by Olivia Doyle
GAINESVILLE, Fla. — Earlier this month, the Weed Science Society of America (WSSA) gave special recognition to a paper authored by University of Florida professor James Leary, honoring it as an Outstanding Paper in Invasive Plant Science and Management.
Leary, now a faculty member affiliated with the UF/IFAS Center for Aquatic and Invasive Plants (CAIP), conducted research in Hawaii for the paper, titled “Interpreting Life-History Traits of Miconia through Management over Space and Time in the East Maui Watershed, Hawaii.”
“We could not be happier that one of our team members was honored with such a prestigious award,” said Jason Ferrell, CAIP director. “Though it wasn’t Florida work, it still shows that UF/IFAS CAIP has hired one of the best and most competent scientists in the world.”
The paper describes an invasion of a tree species called miconia in the East Maui Watershed in Hawaii, a watershed producing over one billion gallons of fresh water used for agriculture and consumption and habitat to over 100 threatened and endangered species. The paper articulates the history and timeline of miconia management, recognizing it has reached numbers greater than can be realistically removed.
“It’s beyond eradication and, the point is, this doesn’t mean we throw in the towel,” Leary said. “It means we reprioritize our strategies towards protecting what we value the most, focusing in on the watershed functions and where they exist and where we can prevent miconia from destroying those remaining assets.”
Hawaii and Florida have a lot in common when it comes to invasive species.
“Few places have 12 months of near perfect environmental conditions for the reproduction and spread of invasive plants,” Ferrell said. “But Florida and Hawaii share this distinction and have historically been sentinel states for new invasives. Due to this fact, both states have developed some of the most advanced and integrated management programs found anywhere in the world.”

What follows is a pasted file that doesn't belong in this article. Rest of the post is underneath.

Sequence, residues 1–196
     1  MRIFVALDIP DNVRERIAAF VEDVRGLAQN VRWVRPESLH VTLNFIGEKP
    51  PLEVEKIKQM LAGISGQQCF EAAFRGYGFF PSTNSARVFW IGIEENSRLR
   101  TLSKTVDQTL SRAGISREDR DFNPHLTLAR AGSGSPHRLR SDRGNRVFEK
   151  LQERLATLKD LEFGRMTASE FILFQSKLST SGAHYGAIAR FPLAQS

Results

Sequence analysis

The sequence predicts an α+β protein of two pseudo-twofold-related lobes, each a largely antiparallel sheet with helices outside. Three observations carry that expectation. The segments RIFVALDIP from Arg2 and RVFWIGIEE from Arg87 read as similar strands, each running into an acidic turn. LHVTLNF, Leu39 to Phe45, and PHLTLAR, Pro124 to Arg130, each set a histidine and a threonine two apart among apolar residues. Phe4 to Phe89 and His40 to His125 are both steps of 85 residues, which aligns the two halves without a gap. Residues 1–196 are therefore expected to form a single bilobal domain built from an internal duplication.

When Leary joined the UF faculty last year, he credited his experience in Hawaii for giving him the necessary preparation to jump into the wide range of research needed for invasive species management. The work on this paper in particular, he noted, developed his ability to assemble diverse or multiple disciplines, like economists who determined the dollar cost of the miconia problem.
Here in Florida, Leary hopes to become part of new teams in new areas of science contributing to invasive species management. He also hopes to bring students in who want to learn diverse aspects of what it takes to be successful in invasive species management.
It’s this ambition that Ferrell highlights as one of the keys to Leary’s success.
“It is one thing to do great research, but it is something else to then turn those concepts into an award-winning publication,” Ferrell said. “This award proves that Dr. Leary is not only a great scientist, but that he is also a finisher who doesn’t rest until the publication is complete. This is the ideal attitude for an ambitious researcher, and we can’t wait to see all the innovations he develops for Florida.”
The mission of the University of Florida Institute of Food and Agricultural Sciences (UF/IFAS) is to develop knowledge relevant to agricultural, human and natural resources and to make that knowledge available to sustain and enhance the quality of human life. With more than a dozen research facilities, 67 county Extension offices, and award-winning students and faculty in the UF College of Agricultural and Life Sciences, UF/IFAS brings science-based solutions to the state’s agricultural and natural resources industries, and all Florida residents.
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